Dining

United We Sandwich

Getting up close and personal with breakfast sandwiches across the country
Regional Breakfast Sandwiches

This July, we're pledging allegiance to the food that makes this country great—specifically, the exciting things happening in our nation's culinary scene right now. Join us as we explore America!

Step one: Wake up. Step two: Eat sandwich.

That's how a morning looks for many Americans, with a possible intermediate step of getting out of bed. But though the fillings don't vary wildly (bacon, egg, cheese or some combination thereof), a breakfast sandwich in Texas is a different story than one in New York. Here are some of America's typical breakfast sandwiches and their places of origin.

New York is full of new-age breakfast sandwiches, but a fresh, chewy bagel will never go out of style. Bagels were brought to New York by Polish immigrants in the late 1800s and quickly found a home in Manhattan's Lower East Side, where they eventually teamed up with toppings like cream cheese and smoked fish. Its only imperfection is that the characteristic center hole robs you of one more bite—but that hole was actually once used for transporting the bagels on a wooden dowel. When New Haven's Lender's Bagels figured out how to freeze and mass-distribute the goods, bagels became common practice across the country.

Cross the bridge to New Jersey, and you'll find the aptly named Jersey Breakfast, a sandwich made with pork roll, egg and cheese. Like its bacon, egg and cheese brethren, a pork roll, egg and cheese is a sandwich breed best purchased at the type of place featured on Diners, Drive-Ins and Dives. Jersey residents are divided on the name (it's pork roll in the South and Taylor Ham in the North), but they stand together on their devotion to the bologna-esque cured meat: Planning is already underway for Trenton's 2016 Pork Roll Festival.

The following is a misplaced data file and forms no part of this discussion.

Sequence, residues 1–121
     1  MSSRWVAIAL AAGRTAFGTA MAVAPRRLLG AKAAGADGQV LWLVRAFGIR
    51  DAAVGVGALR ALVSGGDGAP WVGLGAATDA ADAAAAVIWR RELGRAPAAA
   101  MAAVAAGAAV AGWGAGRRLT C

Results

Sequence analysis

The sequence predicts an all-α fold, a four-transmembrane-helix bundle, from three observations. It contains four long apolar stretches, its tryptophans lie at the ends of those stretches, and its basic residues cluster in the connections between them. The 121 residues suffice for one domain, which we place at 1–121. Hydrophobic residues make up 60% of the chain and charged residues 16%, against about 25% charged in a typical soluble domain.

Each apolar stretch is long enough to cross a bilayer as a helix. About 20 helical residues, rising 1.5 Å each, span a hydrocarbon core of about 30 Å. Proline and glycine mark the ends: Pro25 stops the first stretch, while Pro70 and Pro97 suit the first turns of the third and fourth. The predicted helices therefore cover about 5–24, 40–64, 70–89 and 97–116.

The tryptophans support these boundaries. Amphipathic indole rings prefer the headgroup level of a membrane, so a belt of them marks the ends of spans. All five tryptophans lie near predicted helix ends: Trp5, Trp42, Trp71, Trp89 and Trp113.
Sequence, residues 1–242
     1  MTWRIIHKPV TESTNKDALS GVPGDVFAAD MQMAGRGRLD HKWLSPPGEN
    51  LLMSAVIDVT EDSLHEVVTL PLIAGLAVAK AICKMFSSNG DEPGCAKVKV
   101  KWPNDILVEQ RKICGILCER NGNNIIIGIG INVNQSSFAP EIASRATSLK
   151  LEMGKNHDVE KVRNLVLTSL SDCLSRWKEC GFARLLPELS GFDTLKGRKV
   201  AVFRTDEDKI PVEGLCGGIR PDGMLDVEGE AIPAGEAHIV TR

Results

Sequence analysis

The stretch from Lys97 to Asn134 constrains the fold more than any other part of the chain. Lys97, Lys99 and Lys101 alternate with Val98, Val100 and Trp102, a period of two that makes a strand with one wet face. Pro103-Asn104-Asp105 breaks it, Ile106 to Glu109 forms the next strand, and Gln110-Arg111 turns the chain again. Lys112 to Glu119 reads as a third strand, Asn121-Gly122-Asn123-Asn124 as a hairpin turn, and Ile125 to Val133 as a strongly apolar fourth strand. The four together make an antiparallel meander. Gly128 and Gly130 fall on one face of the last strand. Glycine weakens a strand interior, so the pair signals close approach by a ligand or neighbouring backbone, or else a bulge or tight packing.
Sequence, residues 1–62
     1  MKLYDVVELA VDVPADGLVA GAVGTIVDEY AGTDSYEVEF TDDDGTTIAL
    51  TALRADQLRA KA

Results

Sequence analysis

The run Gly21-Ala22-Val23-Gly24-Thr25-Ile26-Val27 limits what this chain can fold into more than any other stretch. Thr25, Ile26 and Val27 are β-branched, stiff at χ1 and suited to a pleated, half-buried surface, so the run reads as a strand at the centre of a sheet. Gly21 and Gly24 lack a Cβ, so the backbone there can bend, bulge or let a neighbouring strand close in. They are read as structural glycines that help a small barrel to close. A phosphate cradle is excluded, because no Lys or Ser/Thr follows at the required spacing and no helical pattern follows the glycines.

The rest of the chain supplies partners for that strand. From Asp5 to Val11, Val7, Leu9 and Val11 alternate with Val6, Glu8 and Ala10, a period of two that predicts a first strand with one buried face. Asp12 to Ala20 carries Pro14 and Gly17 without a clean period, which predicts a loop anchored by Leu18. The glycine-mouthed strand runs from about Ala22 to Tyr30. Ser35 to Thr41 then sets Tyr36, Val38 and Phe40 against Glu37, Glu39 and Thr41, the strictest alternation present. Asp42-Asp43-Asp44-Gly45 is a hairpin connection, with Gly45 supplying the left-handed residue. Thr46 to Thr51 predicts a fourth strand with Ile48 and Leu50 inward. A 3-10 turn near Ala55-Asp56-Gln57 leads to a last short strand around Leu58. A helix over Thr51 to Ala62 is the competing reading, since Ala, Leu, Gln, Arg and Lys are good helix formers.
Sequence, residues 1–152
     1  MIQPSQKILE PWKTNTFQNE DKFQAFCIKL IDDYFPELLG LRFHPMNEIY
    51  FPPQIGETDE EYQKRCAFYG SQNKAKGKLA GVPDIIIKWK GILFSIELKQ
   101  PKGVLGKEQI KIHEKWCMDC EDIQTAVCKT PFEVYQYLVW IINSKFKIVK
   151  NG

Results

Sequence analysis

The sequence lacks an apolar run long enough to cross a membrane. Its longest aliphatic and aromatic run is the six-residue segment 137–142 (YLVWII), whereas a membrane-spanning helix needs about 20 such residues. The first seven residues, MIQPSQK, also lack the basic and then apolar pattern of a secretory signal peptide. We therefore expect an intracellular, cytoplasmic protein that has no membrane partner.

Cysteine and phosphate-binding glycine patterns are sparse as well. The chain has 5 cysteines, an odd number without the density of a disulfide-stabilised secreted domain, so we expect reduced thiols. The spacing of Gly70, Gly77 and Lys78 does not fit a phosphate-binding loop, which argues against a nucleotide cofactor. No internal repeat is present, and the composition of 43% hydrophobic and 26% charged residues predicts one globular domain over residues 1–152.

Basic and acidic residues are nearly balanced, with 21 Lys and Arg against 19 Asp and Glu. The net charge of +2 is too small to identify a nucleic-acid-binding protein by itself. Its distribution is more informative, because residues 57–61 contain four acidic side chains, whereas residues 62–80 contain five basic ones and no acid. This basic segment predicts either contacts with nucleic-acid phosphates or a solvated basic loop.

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You've heard that breakfast is the most important meal of the day. In accordance with that credo, author and taco aficionado Mando Rayo considers breakfast tacos to be "the most important taco of the day." Austin puts the "Tex" in Tex-Mex when it comes to this dish, which can be filled with anything from shredded beef to cactus pads—but usually has a base of huevos and potatoes.

Similar in theme is the breakfast burrito, which gained popularity in the 1970s. Though its origin story is murky, aficionados point to Tia Sophia's in Santa Fe, New Mexico, dubbing it not only the "best place for breakfast/brunch" but also the purveyor of the city's best breakfast burrito. True, when it comes to sandwich vernacular, a taco is more of an open-faced option and a burrito akin to a wrap, but in the Southwest, it's one in the same.

Whether piled high with country ham or a floating island in a pond of gravy, a biscuit is the breakfast sandwich vehicle of choice in the South. North Carolina and Virginia residents know where to go to satisfy their cravings in an instant: local chain Biscuitville, with offerings like the Ultimate Country Ham biscuit, which takes your basic bacon, egg and cheese and ups the ante with a layer of country ham.

Though the West Coast is limited in scope when it comes to unique breakfast sandwiches, staple sandos can be found there by way of westward expansion. Egg lovers in Los Angeles can get their fill at Eggslut, and San Francisco has iconic breads upon which to pile bacon and fancy jams. No matter which state you're in, you can always wake up in a breakfast sandwich state of mind.

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